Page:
Increasing our understanding of aerosol properties is important because of their potential impacts on visibility, human health, and sensitive ecosystems. The Rocky Mountain Airborne Nitrogen and Sulfur (RoMANS) study was conducted in 2006 to identify the sources, transport, and speciation of atmospheric gases and aerosols throughout Colorado that influence Rocky Mountain National Park (RMNP). As one component of this study, Micro-Orifice Uniform Deposition Impactor (MOUDI) samples were collected at two sites in the vicinity of RMNP. Samples were taken over a time span of 48 hours each during a period of 36 days in the spring (March-April) and summer (July-August). The samples were analyzed by ion chromatography to determine the concentrations of NH4+, Na+, Ca2+, K+, Mg2+, Cl-, NO2-, NO3-, SO42-, and C2O42- in either ten or twelve different size bins from >18 μm to <0.18 μm. The diameter of nitrate has important implications for nitrogen deposition in RMNP as larger particles have a higher deposition velocity. In the spring, nitrate was observed to be mainly in the accumulation mode while in the summer it was primarily in the coarse mode. Ammonium and sulfate were the dominant species in the accumulation mode and on several days the sulfate was sufficient to completely neutralize ammonium. However, there were a substantial number of days where the addition of nitrate and oxalate to the ammonium neutralization was not enough to account for complete neutralization. The excess ammonium suggests that other organic acids may be an important component of the aerosol in the region. There is a dearth of research on the size distribution and secondary formation pathways of organic acids, such as aerosol oxalate, which might be contributing to haze and acting as cloud condensation nuclei. The size distribution of oxalate was found to peak in the accumulation mode, specifically between 0.32 and 0.56 μm. We examined three potential contributors to oxalate concentrations: biomass burning, in-cloud processes, and gas-phase photo-oxidation. All three were found to be likely emission and formation mechanisms, but it is unclear which pathway is dominant.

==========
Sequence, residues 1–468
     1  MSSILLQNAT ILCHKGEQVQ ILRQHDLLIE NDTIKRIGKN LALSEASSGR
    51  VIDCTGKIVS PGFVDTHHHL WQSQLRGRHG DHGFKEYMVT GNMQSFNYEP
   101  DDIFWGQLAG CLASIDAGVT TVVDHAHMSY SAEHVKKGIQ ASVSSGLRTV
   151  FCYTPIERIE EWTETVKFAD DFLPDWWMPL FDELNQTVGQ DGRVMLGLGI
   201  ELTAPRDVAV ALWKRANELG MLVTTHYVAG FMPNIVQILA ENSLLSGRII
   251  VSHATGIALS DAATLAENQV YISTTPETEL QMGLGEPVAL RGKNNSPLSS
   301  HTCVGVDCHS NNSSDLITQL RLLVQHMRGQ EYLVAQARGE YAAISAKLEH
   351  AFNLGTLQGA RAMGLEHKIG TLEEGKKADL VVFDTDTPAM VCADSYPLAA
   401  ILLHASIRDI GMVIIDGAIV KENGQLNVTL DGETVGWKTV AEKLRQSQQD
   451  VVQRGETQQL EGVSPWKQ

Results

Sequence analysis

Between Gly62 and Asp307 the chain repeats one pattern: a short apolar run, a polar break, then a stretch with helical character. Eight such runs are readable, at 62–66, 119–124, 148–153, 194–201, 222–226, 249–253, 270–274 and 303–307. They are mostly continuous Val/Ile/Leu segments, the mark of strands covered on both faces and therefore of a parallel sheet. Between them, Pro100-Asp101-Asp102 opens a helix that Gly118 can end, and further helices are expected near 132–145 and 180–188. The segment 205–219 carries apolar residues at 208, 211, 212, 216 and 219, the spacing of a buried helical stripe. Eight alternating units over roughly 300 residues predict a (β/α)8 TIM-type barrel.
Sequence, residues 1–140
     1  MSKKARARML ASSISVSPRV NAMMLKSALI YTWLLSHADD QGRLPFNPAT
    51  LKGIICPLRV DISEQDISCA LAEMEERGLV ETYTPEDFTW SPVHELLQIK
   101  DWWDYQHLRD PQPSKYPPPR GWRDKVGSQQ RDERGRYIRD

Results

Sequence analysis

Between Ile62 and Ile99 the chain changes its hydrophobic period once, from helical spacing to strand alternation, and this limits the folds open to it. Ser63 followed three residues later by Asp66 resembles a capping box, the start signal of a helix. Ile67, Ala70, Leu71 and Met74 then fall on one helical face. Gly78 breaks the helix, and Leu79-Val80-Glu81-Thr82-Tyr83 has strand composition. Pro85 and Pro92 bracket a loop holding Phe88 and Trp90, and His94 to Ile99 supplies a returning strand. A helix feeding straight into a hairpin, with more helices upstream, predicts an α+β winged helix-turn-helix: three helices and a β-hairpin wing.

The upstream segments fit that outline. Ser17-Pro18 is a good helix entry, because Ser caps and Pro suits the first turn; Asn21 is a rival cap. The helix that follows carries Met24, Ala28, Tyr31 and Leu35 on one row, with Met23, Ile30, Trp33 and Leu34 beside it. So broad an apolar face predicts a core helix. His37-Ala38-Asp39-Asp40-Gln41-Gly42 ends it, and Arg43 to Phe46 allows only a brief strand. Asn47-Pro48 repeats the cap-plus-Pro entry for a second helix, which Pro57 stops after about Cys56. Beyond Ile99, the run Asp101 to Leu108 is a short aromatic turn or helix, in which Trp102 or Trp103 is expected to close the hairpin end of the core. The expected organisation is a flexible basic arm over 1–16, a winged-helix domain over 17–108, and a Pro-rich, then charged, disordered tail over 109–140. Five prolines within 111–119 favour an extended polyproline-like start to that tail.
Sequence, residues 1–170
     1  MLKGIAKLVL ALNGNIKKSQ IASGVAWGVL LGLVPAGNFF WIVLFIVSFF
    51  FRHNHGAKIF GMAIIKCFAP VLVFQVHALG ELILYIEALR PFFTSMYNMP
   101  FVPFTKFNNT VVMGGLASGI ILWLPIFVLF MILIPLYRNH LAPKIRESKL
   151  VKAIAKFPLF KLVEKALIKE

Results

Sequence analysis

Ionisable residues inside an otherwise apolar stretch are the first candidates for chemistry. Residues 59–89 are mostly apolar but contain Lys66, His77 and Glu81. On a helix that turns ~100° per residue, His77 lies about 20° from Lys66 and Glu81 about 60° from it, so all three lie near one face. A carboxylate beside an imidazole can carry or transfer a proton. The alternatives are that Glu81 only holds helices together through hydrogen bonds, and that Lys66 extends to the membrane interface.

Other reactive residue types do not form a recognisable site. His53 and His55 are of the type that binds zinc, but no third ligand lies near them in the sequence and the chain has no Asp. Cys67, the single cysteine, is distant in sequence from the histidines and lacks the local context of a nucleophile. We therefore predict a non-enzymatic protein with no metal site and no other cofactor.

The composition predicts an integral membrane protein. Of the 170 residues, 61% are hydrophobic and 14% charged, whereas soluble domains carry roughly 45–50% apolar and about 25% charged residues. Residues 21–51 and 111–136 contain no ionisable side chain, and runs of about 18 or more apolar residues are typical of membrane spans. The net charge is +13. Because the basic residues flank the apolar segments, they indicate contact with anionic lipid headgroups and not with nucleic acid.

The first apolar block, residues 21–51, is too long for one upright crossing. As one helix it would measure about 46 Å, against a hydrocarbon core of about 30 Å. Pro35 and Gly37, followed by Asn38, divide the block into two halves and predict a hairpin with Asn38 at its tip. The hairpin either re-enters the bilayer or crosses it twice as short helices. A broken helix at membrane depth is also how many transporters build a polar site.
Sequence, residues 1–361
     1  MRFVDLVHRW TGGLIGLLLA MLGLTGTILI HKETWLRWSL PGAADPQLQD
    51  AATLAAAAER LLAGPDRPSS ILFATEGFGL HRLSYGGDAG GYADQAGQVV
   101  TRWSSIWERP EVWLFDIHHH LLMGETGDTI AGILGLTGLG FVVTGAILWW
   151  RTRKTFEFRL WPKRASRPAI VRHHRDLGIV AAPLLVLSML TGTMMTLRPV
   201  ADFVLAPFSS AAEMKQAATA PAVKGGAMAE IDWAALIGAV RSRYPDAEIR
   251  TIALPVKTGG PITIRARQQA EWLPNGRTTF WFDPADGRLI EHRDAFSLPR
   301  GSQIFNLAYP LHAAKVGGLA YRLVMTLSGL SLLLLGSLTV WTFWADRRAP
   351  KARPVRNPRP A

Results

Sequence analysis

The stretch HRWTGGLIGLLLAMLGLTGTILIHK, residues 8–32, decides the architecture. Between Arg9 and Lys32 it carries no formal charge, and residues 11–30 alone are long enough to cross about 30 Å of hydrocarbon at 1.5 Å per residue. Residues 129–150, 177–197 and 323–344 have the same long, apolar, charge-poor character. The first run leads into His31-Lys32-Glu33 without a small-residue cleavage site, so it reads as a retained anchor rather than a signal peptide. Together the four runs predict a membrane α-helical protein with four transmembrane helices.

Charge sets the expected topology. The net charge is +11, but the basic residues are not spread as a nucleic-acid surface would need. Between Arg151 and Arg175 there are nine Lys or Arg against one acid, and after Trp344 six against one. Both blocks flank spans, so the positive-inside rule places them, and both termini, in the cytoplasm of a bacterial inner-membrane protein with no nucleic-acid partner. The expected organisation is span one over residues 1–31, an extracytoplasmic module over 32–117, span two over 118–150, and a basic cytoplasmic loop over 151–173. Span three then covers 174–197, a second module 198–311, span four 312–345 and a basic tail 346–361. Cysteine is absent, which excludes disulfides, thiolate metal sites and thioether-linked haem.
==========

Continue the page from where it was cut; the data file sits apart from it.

• Thumbnail for Water quality in Bali : a multiperspectival approach
    Water quality in Bali : a multiperspectival approach by Bellows, Zachary David

    Water pollution in Bali due to human waste and agricultural runoff is a serious concern. Social and cultural influences such as rigid social structures, tourism, and weak infrastructure contribute to water pollution on the island. In an attempt to quantify the extent of the pollution, nutrient concentrations and other relevant variables were measured at seven points along the Yeh Ho River seven times in June, 2013. Interviews were also conducted to provide social and cultural context. The results of the study indicate that nutrient concentrations increase significantly as the water travels downstream from 15 (± 1.9) to 40 (± 3.2) ppm nitrate-NO3 and from 0.16 (± 0.06) to 0.61 (± 0.06) ppm phosphorous-PO4. In addition, nutrient concentrations on June 18th were higher across all sampling sites than the measurements on other days by 9.0 (± 2.4) ppm nitrate-NO3 and by 0.53 (± 0.06) ppm phosphorous-PO4. Generally, the levels of N and P in the Yeh Ho River are significantly higher than the expected natural background levels of nutrients in rivers. These trends are likely attributable to significant, uncontrolled, anthropogenic inputs into the Yeh Ho River. The qualitative data corroborates this interpretation. Other explanations for this nutrient increase include changing uptake rate due to geomorphological changes of the river, or systemic error introduced by sampling downstream sites later. However, these factors are likely negligible relative to anthropogenic inputs.